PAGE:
A new home spells nothing but trouble for newlyweds Marla and Dalton Vail (Shear Murder, 2012, etc.).
Homeowners associations often see themselves as the last bastion against suburban decline, protecting property values from tacky lawn decorations and oversized fences. As president of Royal Oaks HOA, Alan Krabber is a law unto himself. Last year, he nearly forced a couple into bankruptcy by making them tear down a second-story extension they had erected without a permit. But Krabber keeps his boat parked in his driveway—a clear violation of deed restrictions—until Dalton, his next-door neighbor, challenges him. To make matters worse, the fence Krabber erects to hide the offending boat stands partially on the Vails’ property. So when Krabber is killed, police detective Dalton, named a person of interest, is abruptly yanked from the case. That leaves Marla, already distracted by the resignation of her trusty receptionist, Luis, and her promise to her mother to host this year’s family Seder, with the job of solving the crime. Her investigative method—accosting members of the HOA, as well as local businessmen who had contentious dealings with Krabber, and asking them point-blank about their quarrels with the dead man—earns Marla a conk on the head and some close brushes with a variety of toxins. Whether she will survive long enough to cook the Passover brisket (recipe included) becomes an increasingly tough question.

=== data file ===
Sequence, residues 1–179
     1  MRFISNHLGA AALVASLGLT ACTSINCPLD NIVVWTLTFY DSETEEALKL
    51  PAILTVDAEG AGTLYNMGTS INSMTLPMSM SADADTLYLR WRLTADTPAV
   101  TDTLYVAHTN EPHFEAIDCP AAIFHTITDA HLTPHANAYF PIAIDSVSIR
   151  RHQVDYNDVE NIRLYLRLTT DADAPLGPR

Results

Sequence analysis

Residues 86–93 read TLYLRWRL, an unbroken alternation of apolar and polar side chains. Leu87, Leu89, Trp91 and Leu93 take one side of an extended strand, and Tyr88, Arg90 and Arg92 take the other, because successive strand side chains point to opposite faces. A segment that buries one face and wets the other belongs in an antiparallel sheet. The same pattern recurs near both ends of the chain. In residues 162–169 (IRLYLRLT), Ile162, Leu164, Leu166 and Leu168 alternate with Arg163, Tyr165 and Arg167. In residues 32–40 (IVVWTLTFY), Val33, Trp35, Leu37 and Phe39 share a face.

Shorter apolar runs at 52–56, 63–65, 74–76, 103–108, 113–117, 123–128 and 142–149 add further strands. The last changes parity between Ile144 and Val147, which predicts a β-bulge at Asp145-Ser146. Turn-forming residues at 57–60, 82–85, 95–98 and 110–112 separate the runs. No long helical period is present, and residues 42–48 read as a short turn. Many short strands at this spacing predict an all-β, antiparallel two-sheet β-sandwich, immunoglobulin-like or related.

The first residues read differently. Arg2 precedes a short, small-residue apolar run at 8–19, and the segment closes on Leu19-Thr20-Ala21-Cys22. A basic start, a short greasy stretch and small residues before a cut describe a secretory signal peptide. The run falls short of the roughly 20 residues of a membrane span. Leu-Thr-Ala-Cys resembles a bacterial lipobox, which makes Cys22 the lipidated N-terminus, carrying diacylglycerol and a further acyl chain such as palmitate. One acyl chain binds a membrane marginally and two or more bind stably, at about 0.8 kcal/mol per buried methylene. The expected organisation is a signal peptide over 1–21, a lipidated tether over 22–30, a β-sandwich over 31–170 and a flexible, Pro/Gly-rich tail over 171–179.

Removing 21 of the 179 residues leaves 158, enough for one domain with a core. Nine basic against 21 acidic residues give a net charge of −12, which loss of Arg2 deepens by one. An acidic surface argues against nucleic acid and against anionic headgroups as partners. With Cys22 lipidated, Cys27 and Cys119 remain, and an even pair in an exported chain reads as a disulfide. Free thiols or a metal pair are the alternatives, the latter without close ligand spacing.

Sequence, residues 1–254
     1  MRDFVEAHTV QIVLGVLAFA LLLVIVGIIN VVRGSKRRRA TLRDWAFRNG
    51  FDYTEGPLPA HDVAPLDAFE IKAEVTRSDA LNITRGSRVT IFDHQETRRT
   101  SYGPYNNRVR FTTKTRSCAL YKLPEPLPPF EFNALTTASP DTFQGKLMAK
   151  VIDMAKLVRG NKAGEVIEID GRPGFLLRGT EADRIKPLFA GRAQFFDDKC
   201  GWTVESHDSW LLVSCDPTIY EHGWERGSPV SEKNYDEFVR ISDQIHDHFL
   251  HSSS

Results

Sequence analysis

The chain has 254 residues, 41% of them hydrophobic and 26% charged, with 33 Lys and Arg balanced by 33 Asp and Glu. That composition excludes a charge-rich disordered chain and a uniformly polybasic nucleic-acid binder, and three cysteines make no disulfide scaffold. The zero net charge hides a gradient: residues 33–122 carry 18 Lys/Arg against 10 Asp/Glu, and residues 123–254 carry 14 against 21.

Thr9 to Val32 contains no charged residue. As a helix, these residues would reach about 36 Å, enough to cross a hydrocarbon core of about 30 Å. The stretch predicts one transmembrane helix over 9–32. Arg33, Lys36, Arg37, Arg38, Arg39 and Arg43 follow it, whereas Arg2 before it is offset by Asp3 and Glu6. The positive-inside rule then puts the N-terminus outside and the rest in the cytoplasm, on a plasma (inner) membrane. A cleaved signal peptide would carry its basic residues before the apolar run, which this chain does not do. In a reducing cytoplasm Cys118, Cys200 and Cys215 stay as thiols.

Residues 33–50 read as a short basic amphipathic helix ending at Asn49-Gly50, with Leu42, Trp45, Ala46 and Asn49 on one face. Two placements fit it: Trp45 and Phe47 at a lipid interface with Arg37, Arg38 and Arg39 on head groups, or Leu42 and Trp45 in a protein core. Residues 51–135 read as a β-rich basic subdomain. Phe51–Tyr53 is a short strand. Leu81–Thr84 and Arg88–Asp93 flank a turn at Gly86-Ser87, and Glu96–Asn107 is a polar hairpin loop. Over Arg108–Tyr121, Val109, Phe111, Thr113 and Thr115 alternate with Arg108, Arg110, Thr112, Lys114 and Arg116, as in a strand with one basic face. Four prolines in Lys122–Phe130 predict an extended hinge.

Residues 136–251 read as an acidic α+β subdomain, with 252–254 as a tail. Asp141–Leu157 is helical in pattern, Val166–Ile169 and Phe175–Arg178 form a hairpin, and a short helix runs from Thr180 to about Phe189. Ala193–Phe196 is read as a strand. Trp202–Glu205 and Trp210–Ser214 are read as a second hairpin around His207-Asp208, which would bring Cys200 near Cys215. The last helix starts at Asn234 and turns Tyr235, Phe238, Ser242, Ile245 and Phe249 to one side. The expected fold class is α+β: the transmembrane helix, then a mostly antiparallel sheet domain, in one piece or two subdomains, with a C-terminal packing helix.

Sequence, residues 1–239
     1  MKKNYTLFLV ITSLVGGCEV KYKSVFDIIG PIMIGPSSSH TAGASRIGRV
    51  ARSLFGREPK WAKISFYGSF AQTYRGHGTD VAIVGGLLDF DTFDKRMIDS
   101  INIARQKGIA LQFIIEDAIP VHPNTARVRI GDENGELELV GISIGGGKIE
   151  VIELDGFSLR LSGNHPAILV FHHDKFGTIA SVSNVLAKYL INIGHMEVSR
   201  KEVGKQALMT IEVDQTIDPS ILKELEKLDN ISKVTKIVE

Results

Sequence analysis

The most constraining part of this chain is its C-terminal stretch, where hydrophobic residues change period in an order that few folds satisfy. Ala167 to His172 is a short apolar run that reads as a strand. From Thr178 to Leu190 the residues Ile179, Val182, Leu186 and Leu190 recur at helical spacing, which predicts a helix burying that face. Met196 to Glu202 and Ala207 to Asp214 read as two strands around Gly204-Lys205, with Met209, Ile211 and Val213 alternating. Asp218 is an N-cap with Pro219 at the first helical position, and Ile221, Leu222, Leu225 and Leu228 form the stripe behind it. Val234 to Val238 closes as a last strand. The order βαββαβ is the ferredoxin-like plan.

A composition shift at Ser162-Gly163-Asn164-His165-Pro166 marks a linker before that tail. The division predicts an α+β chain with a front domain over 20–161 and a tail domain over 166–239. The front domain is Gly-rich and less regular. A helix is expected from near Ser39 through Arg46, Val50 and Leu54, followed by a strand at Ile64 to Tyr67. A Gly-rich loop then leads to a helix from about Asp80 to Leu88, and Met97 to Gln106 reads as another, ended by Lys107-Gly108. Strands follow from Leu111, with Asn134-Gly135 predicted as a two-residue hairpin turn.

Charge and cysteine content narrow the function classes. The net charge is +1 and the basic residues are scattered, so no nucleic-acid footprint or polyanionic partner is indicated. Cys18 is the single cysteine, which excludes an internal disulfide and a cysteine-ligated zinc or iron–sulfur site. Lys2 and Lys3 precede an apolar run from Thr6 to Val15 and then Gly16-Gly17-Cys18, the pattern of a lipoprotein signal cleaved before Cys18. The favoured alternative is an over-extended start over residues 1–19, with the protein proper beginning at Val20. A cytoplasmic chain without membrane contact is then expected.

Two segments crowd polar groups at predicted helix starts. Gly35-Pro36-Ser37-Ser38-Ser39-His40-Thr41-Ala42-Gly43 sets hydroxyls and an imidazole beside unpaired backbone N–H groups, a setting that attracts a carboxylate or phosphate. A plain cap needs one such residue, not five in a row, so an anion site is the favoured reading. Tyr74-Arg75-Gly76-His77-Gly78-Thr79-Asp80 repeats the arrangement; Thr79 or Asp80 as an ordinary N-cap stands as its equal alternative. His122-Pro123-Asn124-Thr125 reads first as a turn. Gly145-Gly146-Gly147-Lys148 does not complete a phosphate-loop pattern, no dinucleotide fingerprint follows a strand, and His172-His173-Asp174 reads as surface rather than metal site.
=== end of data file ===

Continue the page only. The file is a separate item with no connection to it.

Marla seems to have the learning curve of a slug, since, as of her 11th outing, she still hasn’t figured out that accusing folks of murder will make some of them want to kill you.